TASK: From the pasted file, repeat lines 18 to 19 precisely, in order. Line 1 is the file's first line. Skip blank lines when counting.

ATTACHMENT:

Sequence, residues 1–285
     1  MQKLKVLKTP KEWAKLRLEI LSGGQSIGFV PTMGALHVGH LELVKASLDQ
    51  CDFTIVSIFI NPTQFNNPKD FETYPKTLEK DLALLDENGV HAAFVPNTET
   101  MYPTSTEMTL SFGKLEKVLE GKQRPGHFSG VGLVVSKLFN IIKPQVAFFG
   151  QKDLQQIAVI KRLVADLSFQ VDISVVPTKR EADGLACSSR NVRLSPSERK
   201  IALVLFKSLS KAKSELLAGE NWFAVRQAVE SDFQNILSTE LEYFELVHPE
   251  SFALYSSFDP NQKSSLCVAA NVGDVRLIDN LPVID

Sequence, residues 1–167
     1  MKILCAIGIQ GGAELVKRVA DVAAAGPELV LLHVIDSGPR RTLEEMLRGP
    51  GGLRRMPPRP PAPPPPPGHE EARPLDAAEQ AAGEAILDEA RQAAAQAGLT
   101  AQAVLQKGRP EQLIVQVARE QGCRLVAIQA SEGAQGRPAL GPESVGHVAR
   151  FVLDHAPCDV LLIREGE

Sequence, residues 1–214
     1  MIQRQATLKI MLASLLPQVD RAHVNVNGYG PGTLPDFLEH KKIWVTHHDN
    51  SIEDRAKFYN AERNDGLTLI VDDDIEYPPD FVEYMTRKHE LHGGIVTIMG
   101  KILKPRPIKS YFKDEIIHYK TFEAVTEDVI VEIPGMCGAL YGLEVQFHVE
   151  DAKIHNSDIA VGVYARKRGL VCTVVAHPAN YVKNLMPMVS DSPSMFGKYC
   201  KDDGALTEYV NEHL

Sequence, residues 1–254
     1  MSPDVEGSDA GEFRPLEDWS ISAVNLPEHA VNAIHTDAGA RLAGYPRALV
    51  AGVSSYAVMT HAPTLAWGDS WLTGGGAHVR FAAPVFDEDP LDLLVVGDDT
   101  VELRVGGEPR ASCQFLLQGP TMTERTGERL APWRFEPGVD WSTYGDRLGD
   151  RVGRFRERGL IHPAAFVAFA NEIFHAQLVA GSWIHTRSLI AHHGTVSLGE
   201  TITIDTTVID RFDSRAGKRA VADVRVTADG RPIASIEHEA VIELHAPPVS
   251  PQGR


   201  KDDGALTEYV NEHL

Sequence, residues 1–254